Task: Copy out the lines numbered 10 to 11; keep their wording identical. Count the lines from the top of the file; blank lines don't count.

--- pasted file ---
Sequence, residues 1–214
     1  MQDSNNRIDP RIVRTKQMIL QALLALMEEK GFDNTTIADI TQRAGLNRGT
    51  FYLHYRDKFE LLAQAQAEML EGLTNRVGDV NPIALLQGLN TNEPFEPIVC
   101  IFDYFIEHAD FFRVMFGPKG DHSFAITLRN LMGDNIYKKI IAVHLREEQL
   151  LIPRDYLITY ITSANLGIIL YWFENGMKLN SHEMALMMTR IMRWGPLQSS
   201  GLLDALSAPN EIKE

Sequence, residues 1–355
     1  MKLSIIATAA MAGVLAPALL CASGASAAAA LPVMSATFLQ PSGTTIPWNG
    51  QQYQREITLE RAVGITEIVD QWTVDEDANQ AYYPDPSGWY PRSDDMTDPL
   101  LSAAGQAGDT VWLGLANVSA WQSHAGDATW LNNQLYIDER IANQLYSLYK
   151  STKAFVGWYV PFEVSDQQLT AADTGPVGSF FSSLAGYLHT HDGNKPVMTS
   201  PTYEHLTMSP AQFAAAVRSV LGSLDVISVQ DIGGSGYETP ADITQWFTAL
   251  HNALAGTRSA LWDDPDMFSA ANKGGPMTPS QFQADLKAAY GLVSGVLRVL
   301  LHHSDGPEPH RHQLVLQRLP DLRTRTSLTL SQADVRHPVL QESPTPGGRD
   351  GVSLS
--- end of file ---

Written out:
   101  LSAAGQAGDT VWLGLANVSA WQSHAGDATW LNNQLYIDER IANQLYSLYK
   151  STKAFVGWYV PFEVSDQQLT AADTGPVGSF FSSLAGYLHT HDGNKPVMTS